This is Why Self Published Books Get Such a Bad Rap

As part of my research, and on-going study of the self-publishing industry, I regularly buy books (both traditionally and self published books) on the self-publishing industry.

Not too long ago I had the misfortune of receiving 3 self published books that made me want to hang my head in shame.

Self Published Books

At first I didn’t want to share the titles of these books (I think I was embarrassed on behalf of the authors), but I realized I wouldn’t be doing you justice – you may have spent your money and actually bought these books. And secondly, it may help to raise the quality of self-published books.

Patti Thorn, a past speaker at the IBPS conference, and co-founder of BlueInk Review, offers this: “I have seen hundreds of self-published books and talked to countless authors. While some self publishers find huge success, many wind up on the sidelines, wondering how others have managed to score.” [1]

And Porter Anderson in a post at the Thought Catalog has this advice: “Certainly, we all wish every independent author well. Why would we do otherwise? But it is not a criticism to also ask every independent author to learn what’s required and work for professionalism, exacting standards, brain-blistering care, and genuine talent.” [2]

Without further ado, let’s look at these 3 books…

Professional Self Publishing Made Easy: A Simple Guide to Professionally Publishing and Marketing Your Book.

SIDEBAR: Yes, there is a period at the end of the sub-title.

This is the “best” of the 3 books, and yet there is one BIG issue I have with this book: it is actually a catalog/guide of his company’s services. And he charges people for it!

Great advice from Patti Thorn: “You may think your book makes perfect sense. But you would—you wrote it. Get a professional opinion before paying thousands of dollars to print your book.” [1]

On the plus side, the book is well formatted, and if you fan through the pages, you will not know it’s a self-published book.

There are 53 pages of content, plus the Appendix of a few pages. When I look at the title, it does not reflect a book of such “thin” content.

Onto my #1 gripe: Chapter 3 actually lists details (with phone number) of all the packages the company offers. Selling your company’s catalog as a “guide to professionally publishing and marketing your book”. Really?

Chapter 5: Getting Your Book Ready! What? This chapter is 1 ½ pages long (it’s a 6” x 9” book), and at the end is an e-mail address and telephone number.

Chapter 6 offers a “detailed description” of “formatting guidelines” – keep in mind this is a 6” x 9” book – the chapter is 10 pages long… and yes, it ends with the instructions on how to send your book files to the company. Seriously?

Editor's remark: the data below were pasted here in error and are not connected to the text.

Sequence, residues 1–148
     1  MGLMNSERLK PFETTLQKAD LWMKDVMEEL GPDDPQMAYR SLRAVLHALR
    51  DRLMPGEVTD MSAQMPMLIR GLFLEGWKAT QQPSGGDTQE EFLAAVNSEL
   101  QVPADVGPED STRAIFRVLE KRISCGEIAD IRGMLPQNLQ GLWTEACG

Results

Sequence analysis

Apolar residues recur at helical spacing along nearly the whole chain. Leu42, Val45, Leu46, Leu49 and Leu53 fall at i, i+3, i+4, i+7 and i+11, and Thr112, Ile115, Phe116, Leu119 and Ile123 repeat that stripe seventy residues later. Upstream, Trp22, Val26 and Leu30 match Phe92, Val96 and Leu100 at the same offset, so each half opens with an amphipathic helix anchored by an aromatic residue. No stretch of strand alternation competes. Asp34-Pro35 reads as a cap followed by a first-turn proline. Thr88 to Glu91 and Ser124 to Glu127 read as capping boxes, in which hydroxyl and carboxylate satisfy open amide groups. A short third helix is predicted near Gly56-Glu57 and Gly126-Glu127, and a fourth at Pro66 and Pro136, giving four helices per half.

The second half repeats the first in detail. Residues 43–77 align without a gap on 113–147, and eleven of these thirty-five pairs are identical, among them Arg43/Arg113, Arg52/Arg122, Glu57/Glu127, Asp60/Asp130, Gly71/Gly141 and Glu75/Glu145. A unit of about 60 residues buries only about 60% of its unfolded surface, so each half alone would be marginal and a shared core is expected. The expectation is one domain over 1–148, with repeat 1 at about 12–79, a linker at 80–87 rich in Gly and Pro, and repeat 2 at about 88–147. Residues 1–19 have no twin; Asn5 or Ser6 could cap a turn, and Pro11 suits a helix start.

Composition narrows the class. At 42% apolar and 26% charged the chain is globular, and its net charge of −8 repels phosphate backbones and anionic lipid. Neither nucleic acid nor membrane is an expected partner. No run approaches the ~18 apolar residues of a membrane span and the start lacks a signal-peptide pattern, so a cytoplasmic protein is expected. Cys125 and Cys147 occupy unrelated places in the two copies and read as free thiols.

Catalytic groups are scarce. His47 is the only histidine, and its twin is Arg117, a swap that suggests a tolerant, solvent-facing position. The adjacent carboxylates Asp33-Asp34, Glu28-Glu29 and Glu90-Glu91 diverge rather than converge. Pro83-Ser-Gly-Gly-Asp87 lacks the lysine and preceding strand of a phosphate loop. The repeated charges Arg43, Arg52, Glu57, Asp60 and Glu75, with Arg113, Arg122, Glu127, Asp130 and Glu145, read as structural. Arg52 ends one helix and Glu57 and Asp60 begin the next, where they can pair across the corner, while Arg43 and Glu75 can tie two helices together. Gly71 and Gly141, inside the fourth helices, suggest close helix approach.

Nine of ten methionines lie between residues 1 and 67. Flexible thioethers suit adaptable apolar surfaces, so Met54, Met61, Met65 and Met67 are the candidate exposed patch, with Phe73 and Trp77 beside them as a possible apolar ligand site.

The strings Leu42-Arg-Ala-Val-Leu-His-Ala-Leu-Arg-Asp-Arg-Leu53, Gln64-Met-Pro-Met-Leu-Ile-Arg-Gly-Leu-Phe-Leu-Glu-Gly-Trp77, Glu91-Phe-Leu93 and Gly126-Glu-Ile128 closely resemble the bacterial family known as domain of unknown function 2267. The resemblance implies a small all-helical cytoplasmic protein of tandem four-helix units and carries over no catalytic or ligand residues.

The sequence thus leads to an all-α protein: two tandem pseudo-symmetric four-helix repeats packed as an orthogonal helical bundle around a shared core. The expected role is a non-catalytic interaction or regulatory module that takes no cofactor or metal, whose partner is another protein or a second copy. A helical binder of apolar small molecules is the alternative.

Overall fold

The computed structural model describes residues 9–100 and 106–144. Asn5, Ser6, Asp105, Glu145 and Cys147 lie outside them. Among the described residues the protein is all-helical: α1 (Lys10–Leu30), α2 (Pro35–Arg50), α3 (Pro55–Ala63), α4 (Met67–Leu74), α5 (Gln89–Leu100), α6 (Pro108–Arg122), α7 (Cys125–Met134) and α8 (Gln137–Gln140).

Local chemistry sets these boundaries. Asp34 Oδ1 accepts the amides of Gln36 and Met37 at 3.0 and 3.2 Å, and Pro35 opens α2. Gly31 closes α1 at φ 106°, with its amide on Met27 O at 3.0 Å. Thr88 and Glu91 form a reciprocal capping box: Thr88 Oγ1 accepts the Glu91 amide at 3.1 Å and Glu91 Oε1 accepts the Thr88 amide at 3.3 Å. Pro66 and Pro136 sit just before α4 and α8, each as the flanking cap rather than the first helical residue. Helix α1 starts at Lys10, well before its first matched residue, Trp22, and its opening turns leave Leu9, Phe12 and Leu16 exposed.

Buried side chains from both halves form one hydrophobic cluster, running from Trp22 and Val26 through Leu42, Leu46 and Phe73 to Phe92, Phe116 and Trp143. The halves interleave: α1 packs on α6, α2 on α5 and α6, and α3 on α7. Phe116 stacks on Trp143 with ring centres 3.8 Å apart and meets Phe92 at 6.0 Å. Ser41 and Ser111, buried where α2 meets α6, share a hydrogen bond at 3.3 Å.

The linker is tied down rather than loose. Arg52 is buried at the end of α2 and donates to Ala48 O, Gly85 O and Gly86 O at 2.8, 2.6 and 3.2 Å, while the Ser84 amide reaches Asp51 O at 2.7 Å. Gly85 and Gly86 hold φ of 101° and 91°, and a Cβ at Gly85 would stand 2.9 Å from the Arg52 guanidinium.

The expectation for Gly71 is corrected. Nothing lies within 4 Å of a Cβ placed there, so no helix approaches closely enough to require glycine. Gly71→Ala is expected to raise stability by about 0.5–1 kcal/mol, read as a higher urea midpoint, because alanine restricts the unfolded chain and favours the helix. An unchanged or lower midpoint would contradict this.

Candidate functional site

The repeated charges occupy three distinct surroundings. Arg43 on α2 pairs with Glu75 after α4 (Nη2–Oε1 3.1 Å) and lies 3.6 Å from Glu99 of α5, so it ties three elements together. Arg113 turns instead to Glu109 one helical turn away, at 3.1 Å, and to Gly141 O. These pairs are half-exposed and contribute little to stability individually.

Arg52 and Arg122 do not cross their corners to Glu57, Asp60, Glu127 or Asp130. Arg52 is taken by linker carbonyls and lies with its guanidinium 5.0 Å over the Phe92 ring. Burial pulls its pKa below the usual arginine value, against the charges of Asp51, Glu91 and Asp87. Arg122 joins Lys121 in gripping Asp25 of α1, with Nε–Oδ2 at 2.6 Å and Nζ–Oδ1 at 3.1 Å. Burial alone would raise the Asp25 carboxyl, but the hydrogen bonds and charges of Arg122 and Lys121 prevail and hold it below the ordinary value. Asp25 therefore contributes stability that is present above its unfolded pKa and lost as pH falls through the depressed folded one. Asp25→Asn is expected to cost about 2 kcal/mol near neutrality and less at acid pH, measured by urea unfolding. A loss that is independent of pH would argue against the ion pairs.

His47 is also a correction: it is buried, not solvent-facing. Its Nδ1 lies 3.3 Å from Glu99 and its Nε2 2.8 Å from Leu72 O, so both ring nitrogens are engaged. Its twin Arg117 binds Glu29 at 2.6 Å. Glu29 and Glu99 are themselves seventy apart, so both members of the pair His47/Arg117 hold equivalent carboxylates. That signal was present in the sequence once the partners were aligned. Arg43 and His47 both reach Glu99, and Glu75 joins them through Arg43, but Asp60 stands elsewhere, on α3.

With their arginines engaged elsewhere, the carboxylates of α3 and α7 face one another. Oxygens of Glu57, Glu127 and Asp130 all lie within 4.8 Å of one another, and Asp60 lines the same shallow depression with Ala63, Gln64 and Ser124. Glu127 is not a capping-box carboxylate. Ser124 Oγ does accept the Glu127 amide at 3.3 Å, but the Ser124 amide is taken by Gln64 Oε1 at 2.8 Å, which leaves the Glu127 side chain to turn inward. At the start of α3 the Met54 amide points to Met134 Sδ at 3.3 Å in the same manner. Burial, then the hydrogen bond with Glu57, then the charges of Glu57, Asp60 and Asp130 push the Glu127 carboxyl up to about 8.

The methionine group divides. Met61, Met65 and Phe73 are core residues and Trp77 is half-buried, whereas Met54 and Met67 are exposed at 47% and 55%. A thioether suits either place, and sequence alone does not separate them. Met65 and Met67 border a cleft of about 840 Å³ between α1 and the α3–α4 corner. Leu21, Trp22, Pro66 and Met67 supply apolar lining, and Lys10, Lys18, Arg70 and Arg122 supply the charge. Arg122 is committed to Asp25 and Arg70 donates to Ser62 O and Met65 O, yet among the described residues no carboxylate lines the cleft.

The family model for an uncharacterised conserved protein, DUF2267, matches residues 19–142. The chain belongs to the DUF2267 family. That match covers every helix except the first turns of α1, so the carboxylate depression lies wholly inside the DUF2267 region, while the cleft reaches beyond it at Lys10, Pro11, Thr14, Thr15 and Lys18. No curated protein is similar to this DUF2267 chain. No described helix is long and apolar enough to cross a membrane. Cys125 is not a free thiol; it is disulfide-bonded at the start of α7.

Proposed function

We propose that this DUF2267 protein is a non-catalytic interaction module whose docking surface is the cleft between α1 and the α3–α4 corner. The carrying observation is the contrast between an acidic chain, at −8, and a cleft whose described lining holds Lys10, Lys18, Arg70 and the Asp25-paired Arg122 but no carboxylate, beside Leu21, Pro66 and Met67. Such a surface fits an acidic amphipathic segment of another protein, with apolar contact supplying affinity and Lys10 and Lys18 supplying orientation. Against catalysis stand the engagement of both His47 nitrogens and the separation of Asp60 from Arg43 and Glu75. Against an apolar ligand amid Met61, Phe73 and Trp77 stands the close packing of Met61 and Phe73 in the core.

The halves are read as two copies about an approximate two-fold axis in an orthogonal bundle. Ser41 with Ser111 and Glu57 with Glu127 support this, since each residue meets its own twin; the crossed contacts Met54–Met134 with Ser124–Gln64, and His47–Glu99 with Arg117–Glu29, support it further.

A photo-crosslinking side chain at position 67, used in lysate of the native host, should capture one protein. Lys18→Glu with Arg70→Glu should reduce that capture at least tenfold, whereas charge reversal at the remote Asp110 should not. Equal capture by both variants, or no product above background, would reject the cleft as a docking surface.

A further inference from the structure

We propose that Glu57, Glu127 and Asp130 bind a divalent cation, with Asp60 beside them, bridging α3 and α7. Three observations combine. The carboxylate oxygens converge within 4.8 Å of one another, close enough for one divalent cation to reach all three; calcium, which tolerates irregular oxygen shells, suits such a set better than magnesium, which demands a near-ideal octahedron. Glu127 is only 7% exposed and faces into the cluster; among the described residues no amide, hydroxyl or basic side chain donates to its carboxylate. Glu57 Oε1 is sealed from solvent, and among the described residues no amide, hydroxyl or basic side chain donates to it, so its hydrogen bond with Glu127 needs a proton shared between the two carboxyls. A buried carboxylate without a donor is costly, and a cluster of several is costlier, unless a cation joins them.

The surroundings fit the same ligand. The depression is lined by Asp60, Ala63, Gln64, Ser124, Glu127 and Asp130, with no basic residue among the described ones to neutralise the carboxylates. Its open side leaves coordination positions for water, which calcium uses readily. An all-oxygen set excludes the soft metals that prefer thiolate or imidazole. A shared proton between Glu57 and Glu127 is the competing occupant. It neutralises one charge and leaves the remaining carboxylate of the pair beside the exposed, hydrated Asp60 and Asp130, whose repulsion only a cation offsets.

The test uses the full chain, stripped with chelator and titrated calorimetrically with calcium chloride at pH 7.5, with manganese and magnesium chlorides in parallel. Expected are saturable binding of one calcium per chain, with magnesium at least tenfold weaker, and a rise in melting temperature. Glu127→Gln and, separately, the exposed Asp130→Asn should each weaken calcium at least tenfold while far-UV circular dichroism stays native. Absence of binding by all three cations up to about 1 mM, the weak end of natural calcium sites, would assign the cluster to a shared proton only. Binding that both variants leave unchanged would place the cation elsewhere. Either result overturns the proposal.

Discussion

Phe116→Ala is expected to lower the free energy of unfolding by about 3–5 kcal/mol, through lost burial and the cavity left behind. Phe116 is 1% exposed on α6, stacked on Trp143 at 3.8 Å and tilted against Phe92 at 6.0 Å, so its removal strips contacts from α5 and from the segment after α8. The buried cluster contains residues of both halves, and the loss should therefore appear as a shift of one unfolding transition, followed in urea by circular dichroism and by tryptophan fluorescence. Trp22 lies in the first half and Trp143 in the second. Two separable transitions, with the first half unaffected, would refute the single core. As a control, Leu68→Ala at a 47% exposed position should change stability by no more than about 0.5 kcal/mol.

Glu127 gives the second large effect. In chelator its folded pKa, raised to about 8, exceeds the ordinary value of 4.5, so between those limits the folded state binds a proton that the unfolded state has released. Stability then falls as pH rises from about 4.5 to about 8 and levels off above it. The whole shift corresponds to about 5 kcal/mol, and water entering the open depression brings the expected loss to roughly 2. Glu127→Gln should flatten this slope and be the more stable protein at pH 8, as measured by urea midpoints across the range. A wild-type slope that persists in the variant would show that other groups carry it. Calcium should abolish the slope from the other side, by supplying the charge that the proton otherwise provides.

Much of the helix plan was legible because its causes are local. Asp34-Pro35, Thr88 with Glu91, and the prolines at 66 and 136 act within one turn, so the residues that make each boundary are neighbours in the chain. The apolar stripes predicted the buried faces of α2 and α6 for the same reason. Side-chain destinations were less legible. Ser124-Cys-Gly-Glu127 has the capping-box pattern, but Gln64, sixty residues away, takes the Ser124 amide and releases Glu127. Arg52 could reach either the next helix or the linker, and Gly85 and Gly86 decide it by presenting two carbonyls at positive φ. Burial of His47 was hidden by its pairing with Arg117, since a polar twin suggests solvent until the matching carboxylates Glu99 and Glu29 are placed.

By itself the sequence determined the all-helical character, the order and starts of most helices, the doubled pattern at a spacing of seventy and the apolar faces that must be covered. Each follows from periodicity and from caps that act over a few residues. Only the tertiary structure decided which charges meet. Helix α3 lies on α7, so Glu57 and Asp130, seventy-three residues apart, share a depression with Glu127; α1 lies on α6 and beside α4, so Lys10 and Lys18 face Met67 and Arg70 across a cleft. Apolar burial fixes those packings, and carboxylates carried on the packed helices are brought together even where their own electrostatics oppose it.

Chapter 10 is again a list (and details) of their editing services.

Chapter 12: Developing a Marketing Strategy. Although not comprehensive (7 pages), there is some useful information here.

I would not be able to recommend this book, unless you wanted a catalog/brochure of a company’s services.

Onto book #2…

Self Publishing Made Easy: Conceive Create Publish Market. A Step-by-Step Guide

What would you think if your saw that title?

I think it’s fair to say you’d be wrong.

First off, the sub-title is a ”step-by-step guide” – in all my years in the technical writing field, this book is nowhere near a step-by-step guide (it’s only 50 pages of actual content; also a 6” x 9” book)!

Presenting the chapters as “steps” is not the way to do it.

The book is riddled with bad English and typos… “I myself fell into…” Dude, you can just say, “I fell into…”

“within their field of topic” maybe “or topic”?

Chapter 2 How to Use This Ebook – I have the paper copy?

He refers to the Table of Contents as “I have created an index at the start of the book…”

When I read this, I did a double-take: “It can also help to think of this as a test publication. As this is your first attempt, it’s probably not going to be the best thing you’ll ever write. Accept that and continue.” What? That’s such total BS! According to him, it’s no problem to release (self-publish) a piece of crap, and in so doing drop your name down the sewer.

And then in the next paragraph, he offers this sage advice: “Another option, if you’re really not confident about how your writing will go down with the public, is to use a pseudonym (to put it bluntly, a false name/pen name).” You think?

I wonder if it’s his real name on the book? J

Author, editor and founder of Awesome Indies Books, Tahlia Newland shares critical advice: “If you only want to see your book in print and have it available for your friends and family to read, and don’t mind that you won’t get your money back, then go ahead. Just don’t expect to make money or get rave reviews from discerning readers.